A Brief History On The John C Stennis Space Center

Bay Saint Louis Travel Blog

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In the late 1960s and early 70s, there was an old saying around the community,"If you want to go to the moon, you first have to go through Hancock County, Miss. The site known today as NASA's John C. Stennis Space Center boasts a rich and colorful history dating as far back as 1699. Indians, settlers, pirates and soldiers shaped this part of Mississippi which now hosts modern-day explorers.  In the decades before the space age arrived here, the old towns of Gainesville, Napoleon, Santa Rosa, Logtown and Westonia formed a logging and shipping center along the scenic East Pearl River. In time, these settlements gave way to a more high-tech network involving space, oceans and Earth. 

In October 1961, a historic announcement was made: the federal government had selected an area in Hancock County, Miss.

, to be the site of a static test facility for launch vehicles to be used in the Apollo manned lunar landing program.

It was the largest construction project in the state of Mississippi and the second largest in the United States at that time.   Less than eight years later, astronauts Neil Armstrong and Buzz Aldrin walked on the lunar surface, safely transported thousands of miles by a space vehicle whose boosters were tested and proven flight-worthy at Stennis Space Center.  The selection of this site in Mississippi was a logical and practical one. The land was chosen because of its water access, essential for transporting large rocket stages, components and loads of propellants. It also provided the 13,500-acre test facility with a sound buffer of close to 125,000 acres, which is a national asset.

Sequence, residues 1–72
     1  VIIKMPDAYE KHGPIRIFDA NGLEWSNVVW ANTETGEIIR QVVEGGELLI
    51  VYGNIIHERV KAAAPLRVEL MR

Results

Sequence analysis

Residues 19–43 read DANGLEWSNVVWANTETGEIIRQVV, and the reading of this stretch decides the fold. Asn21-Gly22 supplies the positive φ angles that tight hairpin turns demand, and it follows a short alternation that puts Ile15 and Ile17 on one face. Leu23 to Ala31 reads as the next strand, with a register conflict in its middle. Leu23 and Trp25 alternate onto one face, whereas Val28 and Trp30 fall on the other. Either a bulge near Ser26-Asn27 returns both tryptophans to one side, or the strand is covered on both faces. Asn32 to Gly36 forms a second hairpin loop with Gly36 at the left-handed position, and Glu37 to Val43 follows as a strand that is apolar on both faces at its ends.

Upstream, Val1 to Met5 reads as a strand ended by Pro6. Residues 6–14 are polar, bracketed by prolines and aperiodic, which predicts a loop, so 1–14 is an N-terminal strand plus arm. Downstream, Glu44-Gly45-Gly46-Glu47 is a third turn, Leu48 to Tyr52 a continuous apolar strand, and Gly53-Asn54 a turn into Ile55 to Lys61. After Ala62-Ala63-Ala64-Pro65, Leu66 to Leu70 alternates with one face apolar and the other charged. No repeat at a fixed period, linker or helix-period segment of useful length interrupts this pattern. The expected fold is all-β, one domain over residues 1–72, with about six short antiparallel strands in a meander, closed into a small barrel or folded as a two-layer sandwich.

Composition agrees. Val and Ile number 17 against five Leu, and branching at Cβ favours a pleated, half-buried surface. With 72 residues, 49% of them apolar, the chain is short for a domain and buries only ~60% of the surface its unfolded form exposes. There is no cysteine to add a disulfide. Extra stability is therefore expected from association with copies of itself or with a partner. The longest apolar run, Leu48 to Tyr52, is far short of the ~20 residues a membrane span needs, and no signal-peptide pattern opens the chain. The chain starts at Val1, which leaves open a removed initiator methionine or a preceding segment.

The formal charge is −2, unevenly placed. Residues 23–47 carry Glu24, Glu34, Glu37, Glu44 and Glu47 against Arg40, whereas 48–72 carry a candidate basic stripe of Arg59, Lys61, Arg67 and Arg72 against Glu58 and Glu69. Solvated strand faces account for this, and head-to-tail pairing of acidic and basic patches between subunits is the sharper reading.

The center's primary mission at the onset was to flight certify all first and second stages of the Saturn V rocket for the Apollo program. This program began with a static test firing on April 23, 1966, and continued into the early 1970s.

Proof of the contributions made by Stennis Space Center to America's space program was that all the Apollo space vehicle boosters did their job without a single failure, including those for the Apollo 11 mission the landing of the first men on the moon.

From Apollo to the next mode of space travel.  A new chapter was added in June 1975 when the Space Shuttle Main Engine was tested here for the first time. All the engines used to boost the Space Shuttle into low-Earth orbit are flight certified at SSC on the same stands used to test fire all first and second stages of the Saturn V in the Apollo and Skylab programs.

one of the canal locks that transports rockets to the center
Space Shuttle Main Engine testing is expected to proceed well into the 21st century.

Over the years, SSC has evolved into a multidisciplinary facility made up of NASA and 30 other resident agencies engaged in space and environmental programs and the national defense, including the U.S. Navy's world-class oceanographic research community.

What's in a Name?

SSC has undergone a number of name changes. Its original name, Mississippi Test Operations, was changed to Mississippi Test Facility in 1965. In 1974, the facility was named the National Space Technology Laboratories reporting to NASA Headquarters in Washington, D.C.

In May 1988, it was renamed the John C. Stennis Space Center in honor of U.S. Sen. John C. Stennis for his steadfast leadership and staunch support of the nation's space program.
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one of the canal locks that transp…
one of the canal locks that trans…
one of the few test towers
one of the few test towers
a replica of a Saturn V rocket
a replica of a Saturn V rocket
Bay Saint Louis
photo by: michellepowell